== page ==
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Michael Cohen, an attorney for Donald Trump, arrives in Trump Tower in New York on Dec. 16, 2016. (AP file photo)
Michael Cohen, an attorney for Donald Trump, arrives in Trump Tower in New York on Dec. 16, 2016. (AP file photo)

The ethical problems of Trump’s attorney

Donald Trump’s attorney Michael Cohen has major ethical and legal problems, potentially meriting disbarment and prosecution for crimes.

I have taught legal ethics in law school for nearly 15 years. As I tell my students, attorneys are expected to conform to the law and ethical rules, including in New York where Cohen is licensed.

In the circumstances surrounding his paying a pornographic actress hush money out of his own pocket to silence her about her alleged affair with Donald Trump, Cohen may have broken several laws and ethical rules.

First, Cohen seems to be admitting that he did make this payment during the 2016 presidential campaign. If this admission is being made without the express or implied authorization of Trump, Cohen has violated MRPC 1.6. Specifically, if Cohen is revealing information protected by attorney-client confidentiality without permission, this is the first ethical problem.

Second, in paying money to Stephanie Clifford (known in the porn industry as Stormy Daniels), he is violating MRPC Rule 1.8 (e), which bars an attorney from providing “financial assistance to a client in connection with pending or contemplated litigation.” While it is not clear if there would have been litigation surrounding the possibility of Clifford disclosing the affair, suits for defamation of character or a contract not to disclose the affair could have been possible, and therefore paying her to settle would have been a potential violation of 1.8 (e). Moreover, if Cohen badgered Clifford into this settlement, that is a violation of Rule 3.4, fairness to opposing party.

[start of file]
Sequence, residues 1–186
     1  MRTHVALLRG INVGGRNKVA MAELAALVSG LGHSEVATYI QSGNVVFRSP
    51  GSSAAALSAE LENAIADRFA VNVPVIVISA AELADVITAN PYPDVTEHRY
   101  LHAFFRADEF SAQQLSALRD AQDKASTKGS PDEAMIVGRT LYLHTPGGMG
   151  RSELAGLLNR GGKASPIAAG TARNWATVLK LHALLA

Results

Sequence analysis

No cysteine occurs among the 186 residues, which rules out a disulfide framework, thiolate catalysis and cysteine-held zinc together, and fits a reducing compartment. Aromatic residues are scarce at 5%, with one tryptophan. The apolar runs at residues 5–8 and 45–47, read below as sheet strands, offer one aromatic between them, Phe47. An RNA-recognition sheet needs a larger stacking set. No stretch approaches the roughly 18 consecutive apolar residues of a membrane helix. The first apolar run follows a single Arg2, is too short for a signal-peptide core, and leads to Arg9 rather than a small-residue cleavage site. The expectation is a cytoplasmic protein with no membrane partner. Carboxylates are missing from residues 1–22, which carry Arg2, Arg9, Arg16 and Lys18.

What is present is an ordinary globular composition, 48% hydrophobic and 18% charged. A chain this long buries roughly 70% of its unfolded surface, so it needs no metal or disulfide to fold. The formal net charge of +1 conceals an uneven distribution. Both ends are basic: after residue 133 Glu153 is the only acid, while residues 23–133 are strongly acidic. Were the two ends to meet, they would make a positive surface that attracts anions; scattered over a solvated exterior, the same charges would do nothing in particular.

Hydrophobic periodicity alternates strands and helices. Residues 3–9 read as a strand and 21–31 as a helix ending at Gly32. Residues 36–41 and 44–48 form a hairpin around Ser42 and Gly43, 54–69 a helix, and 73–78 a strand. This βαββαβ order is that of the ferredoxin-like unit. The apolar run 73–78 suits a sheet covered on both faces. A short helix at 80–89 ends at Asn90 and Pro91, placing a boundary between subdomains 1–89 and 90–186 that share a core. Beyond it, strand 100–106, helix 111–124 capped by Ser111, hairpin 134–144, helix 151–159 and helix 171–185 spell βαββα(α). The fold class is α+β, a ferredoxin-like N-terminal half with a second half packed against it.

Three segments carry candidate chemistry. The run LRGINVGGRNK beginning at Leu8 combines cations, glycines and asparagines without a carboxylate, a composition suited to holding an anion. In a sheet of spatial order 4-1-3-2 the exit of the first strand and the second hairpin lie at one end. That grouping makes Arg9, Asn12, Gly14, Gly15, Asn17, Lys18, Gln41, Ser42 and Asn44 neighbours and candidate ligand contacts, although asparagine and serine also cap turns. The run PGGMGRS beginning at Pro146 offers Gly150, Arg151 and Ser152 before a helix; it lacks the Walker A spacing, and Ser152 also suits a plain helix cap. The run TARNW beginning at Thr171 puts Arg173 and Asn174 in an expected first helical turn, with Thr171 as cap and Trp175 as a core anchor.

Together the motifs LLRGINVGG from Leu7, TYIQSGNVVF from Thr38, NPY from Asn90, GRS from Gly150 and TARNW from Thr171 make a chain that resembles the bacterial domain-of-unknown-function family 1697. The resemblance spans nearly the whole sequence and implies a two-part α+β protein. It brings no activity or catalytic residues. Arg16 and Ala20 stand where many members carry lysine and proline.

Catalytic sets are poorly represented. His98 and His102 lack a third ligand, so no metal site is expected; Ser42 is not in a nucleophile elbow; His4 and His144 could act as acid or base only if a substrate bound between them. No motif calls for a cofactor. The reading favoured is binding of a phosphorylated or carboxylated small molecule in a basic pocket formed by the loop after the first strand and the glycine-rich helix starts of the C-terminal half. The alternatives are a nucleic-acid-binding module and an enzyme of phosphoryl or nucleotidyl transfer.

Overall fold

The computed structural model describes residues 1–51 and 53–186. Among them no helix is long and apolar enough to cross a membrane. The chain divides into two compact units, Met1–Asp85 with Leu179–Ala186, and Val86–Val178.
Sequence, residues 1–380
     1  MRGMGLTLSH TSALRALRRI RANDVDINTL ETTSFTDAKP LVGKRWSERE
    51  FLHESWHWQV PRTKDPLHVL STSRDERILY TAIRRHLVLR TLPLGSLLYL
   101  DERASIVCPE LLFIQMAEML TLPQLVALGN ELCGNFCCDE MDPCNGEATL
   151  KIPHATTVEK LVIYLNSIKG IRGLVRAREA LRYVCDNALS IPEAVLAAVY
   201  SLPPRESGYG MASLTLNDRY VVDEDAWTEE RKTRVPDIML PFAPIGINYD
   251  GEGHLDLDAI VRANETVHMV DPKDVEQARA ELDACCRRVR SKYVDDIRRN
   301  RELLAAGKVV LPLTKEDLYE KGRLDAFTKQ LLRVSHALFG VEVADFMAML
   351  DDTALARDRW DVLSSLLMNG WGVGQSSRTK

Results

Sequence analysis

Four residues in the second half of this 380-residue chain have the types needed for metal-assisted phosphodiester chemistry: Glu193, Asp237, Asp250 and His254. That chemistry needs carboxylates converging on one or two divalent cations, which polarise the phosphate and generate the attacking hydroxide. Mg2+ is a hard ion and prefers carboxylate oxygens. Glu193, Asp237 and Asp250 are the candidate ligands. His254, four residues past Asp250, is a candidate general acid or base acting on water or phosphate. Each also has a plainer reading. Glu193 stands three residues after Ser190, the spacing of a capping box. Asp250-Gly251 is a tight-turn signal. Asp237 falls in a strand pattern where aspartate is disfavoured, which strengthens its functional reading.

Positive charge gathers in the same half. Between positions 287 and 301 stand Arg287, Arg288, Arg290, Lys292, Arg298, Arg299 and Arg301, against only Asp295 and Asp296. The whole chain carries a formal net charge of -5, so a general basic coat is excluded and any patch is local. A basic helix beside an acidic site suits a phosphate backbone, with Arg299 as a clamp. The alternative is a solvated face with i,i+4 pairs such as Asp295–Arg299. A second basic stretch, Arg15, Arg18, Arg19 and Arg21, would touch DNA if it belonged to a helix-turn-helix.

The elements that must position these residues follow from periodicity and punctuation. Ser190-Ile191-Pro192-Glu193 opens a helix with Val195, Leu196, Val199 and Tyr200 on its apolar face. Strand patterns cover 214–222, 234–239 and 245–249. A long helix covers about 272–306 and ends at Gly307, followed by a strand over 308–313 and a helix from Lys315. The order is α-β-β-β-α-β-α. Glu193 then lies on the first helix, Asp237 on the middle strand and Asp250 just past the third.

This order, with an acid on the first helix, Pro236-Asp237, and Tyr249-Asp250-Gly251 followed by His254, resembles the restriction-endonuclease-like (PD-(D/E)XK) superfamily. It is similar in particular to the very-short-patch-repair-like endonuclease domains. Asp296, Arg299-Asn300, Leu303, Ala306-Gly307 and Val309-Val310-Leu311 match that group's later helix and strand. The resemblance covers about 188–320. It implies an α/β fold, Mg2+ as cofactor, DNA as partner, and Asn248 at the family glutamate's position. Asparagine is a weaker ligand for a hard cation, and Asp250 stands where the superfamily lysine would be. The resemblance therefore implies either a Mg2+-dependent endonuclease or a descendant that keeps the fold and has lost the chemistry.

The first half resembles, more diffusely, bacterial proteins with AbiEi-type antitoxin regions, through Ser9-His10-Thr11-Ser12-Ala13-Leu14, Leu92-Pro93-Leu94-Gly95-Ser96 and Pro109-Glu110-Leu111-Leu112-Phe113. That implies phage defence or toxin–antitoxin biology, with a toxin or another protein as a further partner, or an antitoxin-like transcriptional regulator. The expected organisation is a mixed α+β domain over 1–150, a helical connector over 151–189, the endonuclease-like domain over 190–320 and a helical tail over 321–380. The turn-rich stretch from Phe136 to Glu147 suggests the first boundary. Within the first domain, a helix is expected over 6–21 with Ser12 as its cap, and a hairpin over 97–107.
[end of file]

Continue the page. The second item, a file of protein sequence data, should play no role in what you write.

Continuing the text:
In addition, Rule 1.8 (d) prohibits an attorney prior to conclusion of representation of a client from negotiating an agreement to get media or literary rights to issues relating to the representation. The basis for this rule is to prevent attorneys from compromising their zealous advocacy for a client and perhaps altering their legal strategy or advice in the hope that a different outcome would make for a more profitable story.

This is an issue of conflict of interest. Cohen is reportedly shopping a book about Trump, potentially including the telling of the story of the latter’s relationship with Clifford. Not only might the book include information protected by attorney-client information, but it is possible that the representation with Trump is not complete and that he violated this rule. Even if the representation is concluded, if Cohen paid off Clifford or did anything in representation of Trump with the idea that he might be able to personally profit, that is a conflict of interest that violates Rule 1.8.

It is also possible he violated Rule 1.1 — competence — in not providing appropriate advice or representation to Trump and also perhaps committed malpractice in acting in a way that undermined a duty to his client. In fact, one can also argue that if the payment was made to Clifford without Trump’s knowledge or consent, Cohen violated Rule 1.2, acting beyond his scope of representation for his client, and Rule 1.4, failure to communicate with his client and keep him informed about the status of a matter.

Another problem for Cohen is that if he made an expenditure of $130,000 to Clifford with the purpose of silencing her so as to prevent her disclosure from affecting the 2016 election, this might violate federal law. This is an argument that Common Cause is making. Federal election law would require expenditures such as this to be reported. If Cohen then tried to hide this payment by working with Trump or others, it might constitute aiding and abetting or conspiracy to obstruct justice, both of which are violations of federal law. Breaking the law is also a violation of Rule 8.4, in that such acts are either prejudicial to the administration of justice or that speak to the honesty or trustworthiness of an attorney.

Overall, Cohen appears to have committed a lot of ethical and legal mistakes and it will be interesting to see what disciplinary action he faces.

David Schultz is a professor of political science at Hamline University. This column does not necessarily reflect the opinion of Minnesota Lawyer.

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One comment

  1. Based on recent revelations, assuming the president was paying back Cohen $35,000 monthly installments, that would seem to be a loan arrangement that must be in writing under MRPC 1.8(a). In addition, I wonder about the jurisdictional nature of the transaction if Cohen is licensed in NY and the Daniels deal arose in CA or someplace else.

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